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October 19, 2009
By Mike Wolterbeek
It’s all in a days work for Zeb Hogan, traveling 150 miles up a river in the Australian outback on an expedition to find the elusive and highly endangered freshwater sawfish.
Hogan, a researcher with the University of Nevada, Reno and a National Geographic Explorer, circles the globe as part of his five-year Megafishes Project to find, study, and protect the largest freshwater fish in the world. His efforts are chronicled by the National Geographic Channel, which premieres the first new show Monday, Oct. 19, “Hooked: Monster Fish of Australia,” and the second new episode Nov. 2.
“Northern Australia is one of the last places where healthy populations of sawfish occur, in part because the area is so remote,” Hogan said. “We were working in an area the size of California, yet only 38,000 people inhabit the region, many of them indigenous Australians (aboriginal people).”
The species of sawfish Hogan is pursuing, Pristis microdon, is a freshwater native of Australia that can grow to 23 feet long – longer than a Great White Shark. It has a long, flat snout and 14 to 22 razor-sharp “teeth” on the outside of the snout. Some people say it looks like a combination of a shark, a stingray and a chainsaw. It clearly falls into the definition of a megafish: more than 200 pounds or more than 6 feet long.
Together with local scientists, Hogan takes a dangerous journey 150 miles up the Fitzroy River, encountering saltwater crocodiles, bull sharks and giant stingrays along the way as they seek to tag, study and protect this bizarre-looking predator that is nearly extinct in many parts of the world.
“We stayed for about two weeks camping and conducting surveys,” he said. “We had to bring all the food, water and equipment we needed to be self-sufficient on a long trip.”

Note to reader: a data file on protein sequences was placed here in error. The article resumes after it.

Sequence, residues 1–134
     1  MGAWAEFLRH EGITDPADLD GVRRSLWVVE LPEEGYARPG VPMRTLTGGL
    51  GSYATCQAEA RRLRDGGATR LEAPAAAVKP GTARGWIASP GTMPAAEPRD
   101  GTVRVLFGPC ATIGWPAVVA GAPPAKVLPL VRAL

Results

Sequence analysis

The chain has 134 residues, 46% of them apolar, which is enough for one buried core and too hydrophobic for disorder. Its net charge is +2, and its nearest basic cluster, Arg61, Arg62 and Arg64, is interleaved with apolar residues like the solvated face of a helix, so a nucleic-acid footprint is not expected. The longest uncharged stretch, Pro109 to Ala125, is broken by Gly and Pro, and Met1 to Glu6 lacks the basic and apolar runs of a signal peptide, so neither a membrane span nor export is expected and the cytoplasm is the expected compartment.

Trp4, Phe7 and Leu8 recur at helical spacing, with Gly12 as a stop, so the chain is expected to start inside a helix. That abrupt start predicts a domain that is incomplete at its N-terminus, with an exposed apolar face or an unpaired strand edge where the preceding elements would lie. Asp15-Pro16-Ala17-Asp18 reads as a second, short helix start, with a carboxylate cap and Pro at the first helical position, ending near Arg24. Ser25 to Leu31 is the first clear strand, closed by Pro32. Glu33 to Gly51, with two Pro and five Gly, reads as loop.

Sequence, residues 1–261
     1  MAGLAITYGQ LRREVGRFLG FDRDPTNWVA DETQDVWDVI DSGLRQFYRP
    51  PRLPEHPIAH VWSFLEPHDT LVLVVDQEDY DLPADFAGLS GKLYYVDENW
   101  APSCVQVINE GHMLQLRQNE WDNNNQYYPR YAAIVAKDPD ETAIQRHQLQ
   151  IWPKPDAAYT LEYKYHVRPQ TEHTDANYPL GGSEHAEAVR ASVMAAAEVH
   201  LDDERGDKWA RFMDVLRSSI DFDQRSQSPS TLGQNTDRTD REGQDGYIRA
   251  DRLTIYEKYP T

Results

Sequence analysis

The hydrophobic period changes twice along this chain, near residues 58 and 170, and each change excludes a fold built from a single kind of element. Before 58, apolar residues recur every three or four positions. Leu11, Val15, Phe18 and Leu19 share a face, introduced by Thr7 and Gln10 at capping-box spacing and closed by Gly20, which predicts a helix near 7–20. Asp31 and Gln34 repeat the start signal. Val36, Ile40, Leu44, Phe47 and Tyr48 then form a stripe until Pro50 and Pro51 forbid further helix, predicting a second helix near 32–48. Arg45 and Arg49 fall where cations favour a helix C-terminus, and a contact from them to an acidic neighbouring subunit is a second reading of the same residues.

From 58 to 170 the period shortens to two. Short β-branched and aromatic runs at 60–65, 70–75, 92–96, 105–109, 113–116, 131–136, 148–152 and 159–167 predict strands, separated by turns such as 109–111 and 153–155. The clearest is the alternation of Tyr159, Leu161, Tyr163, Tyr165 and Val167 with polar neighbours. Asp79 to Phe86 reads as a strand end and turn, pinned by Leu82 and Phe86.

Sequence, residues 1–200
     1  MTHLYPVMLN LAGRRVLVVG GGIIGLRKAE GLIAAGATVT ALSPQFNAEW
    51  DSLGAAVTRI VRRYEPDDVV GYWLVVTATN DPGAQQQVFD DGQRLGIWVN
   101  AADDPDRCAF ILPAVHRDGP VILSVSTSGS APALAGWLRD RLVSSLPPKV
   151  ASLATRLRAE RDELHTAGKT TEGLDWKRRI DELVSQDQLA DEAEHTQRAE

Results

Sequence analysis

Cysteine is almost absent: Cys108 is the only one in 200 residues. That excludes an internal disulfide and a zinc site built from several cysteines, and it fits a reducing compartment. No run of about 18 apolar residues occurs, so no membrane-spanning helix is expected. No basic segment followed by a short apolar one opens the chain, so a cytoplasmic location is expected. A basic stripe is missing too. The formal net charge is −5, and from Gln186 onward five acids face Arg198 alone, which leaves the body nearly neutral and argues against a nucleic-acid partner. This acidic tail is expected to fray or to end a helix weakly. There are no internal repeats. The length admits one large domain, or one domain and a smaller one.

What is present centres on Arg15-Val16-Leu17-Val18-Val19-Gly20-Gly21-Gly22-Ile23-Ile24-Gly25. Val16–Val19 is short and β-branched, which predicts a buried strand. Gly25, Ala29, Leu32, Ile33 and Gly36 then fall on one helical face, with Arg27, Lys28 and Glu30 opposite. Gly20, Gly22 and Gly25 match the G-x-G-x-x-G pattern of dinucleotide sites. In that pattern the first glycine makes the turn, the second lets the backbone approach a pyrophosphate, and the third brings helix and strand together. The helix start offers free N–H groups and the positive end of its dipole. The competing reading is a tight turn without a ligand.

Sawfish are among the most endangered animals on Earth. All seven species are considered threatened with extinction, mainly due to over-harvest, Hogan said. The sawfish’s unique saw-like snout makes it vulnerable to overfishing because it’s teeth tangle easily in nets. As the use of nets has increased over the past 50 years, sawfish populations have plummeted.
The second of Hogan’s new programs, “Hooked: Monster Fish of America,” premieres Monday, Nov. 2. This time he searches for North America's prehistoric river monsters, the white sturgeon. Some populations of this aquatic dinosaur are dangerously close to extinction. To find them, he'll travel to the Pacific Northwest and team up with scientists, divers, fishermen and a Native American tribe who are all trying to figure out why the white sturgeon is disappearing and whether dams may be putting these monster fish in danger.
His work with the University of Nevada, Reno’s Department of Natural Resources and Environmental Science has taken him to dozens of locations around the world. About half of all megafish species are in Asia, but Hogan's project also includes those in Australia, the Middle East, Europe, and North and South America,such as the Mekong River in southeastern Asia, the Mississippi River, the Nile in East Africa and the Amazon in South America.
In addition to the fish featured in these two new episodes, Hogan is studying approximately two dozen fish species, including catfish, carp, trout, sturgeon, paddlefish, alligator gar and the giant freshwater stingray.
Determining which species are on the brink of extinction is the primary goal of Hogan's five-year study. He said dams, pollution and overfishing are the biggest threats to freshwater megafish.
Several programs featuring Hogan and megafish have previously aired on the National Geographic Channel over the past few years.
The megafish episodes scheduled to air are: